- Hospital stays and any care you may require
- Treatment and medication fees
- Consultant fees for surgeons or physicians
- Diagnostic tests such as MRI scans while in hospital
This type of cover could work well if you are interested in only covering conditions that would require a hospital stay. Monthly premiums are relatively affordable. We investigated how health insurance premiums change based on your age and policy cover using comparison sites.
We found that people in their 60s would pay around £42 per month for a basic inpatient policy. A joint policy, including your partner, would cost approximately £57 per month.
These were the most affordable monthly premium options we found. But if you are interested in outpatient cover, these costs go up significantly.
All policies come with inpatient cover as standard. However, cheaper policies generally do not include outpatient cover where you are treated as a day patient.
Outpatient cover includes diagnostic tests and treatments that do not require overnight stays. Because most hospital visits do not require an overnight stay, this type of cover is likely to drive your costs up significantly.
However, outpatient cover is worth considering if you wish to be seen quicker and want access to extensive diagnostic tests. Depending on your policy, outpatient cover could include the following as standard:
- Minor diagnostic tests, including x-rays
- Minor procedures like wart removals
- Consultations with dieticians or therapists
Our research showed that a single person in their 60s would need to pay upwards of £100 per month for a policy including full outpatient cover. A joint policy could cost a couple upwards of £180 per month. This is more than double the cost of a basic policy.
One way to keep costs down if this type of cover is essential to you is to set an outpatient limit. Rather than opting for unlimited cover, you could opt to be covered up to a certain amount, for instance, £500 or £1,000 per policy year. This could reduce your overall monthly premium as well as give you the cover you desire.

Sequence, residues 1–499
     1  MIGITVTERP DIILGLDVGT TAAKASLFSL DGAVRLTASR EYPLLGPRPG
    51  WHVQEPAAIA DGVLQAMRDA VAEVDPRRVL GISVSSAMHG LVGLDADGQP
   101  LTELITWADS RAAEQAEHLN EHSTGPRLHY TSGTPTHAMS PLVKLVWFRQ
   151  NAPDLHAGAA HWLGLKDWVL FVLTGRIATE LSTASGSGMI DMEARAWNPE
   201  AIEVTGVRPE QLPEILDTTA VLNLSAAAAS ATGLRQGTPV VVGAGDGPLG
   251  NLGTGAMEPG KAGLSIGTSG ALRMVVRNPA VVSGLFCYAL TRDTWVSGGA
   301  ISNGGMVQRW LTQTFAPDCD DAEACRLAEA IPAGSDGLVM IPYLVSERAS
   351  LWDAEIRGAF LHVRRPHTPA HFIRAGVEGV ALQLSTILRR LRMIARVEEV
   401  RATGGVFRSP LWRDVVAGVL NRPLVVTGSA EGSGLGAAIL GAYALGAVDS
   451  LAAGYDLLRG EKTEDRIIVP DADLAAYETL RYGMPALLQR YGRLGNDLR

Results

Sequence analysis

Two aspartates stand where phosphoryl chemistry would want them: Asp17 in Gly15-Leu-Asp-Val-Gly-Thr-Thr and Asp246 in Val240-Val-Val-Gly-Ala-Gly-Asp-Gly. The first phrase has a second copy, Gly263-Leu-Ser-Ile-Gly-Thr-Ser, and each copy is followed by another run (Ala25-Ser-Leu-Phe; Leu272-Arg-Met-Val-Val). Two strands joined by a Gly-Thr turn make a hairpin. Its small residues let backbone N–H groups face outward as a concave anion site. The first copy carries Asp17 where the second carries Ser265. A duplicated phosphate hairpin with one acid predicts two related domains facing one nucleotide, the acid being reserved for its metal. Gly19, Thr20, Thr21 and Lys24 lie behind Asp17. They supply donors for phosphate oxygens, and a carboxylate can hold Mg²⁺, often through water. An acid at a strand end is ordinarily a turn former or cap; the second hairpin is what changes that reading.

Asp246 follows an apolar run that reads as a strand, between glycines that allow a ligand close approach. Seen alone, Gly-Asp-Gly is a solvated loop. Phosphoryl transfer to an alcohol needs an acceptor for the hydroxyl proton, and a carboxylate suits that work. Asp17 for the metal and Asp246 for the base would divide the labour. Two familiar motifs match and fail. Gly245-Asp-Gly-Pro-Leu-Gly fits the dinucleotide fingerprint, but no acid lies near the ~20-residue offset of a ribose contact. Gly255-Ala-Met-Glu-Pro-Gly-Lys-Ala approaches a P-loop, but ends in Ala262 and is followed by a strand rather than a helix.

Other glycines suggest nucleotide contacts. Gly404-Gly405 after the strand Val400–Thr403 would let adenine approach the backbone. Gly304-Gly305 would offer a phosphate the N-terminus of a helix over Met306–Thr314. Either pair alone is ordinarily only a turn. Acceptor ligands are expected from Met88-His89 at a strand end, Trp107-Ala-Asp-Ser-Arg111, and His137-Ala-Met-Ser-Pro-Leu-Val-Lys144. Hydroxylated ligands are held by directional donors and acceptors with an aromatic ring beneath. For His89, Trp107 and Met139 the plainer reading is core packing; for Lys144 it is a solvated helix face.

Optional extras to consider
There are some additional options to consider if you are looking for a comprehensive health policy. Your provider could offer a combination of the below at an additional cost:
- Dental and optical cover
- Sessions with chiropractors or acupuncturists
- Mental health cover
- No claims discount protection
If you are looking to keep costs low, opting for additional coverage may not be the right choice for you. Once you turn 60, you are eligible for free eyesight tests and help with your dental fees in some cases.
But if some optional extras would be vital to you and you can comfortably afford a higher premium, you may wish to look into these.
Age-specific cancer occurrences rise significantly from your mid-50s onwards. This steep upward trend continues in your 60s, 70s, and 80s. While cancer treatment is available to UK residents via the NHS, you may wish to purchase additional cancer cover as part of your health insurance plan if you can afford to do so.
While some health insurance providers offer cancer cover as part of their standard packages, other insurance companies only offer it as an optional extra. Make sure you check exclusions before you purchase your insurance cover.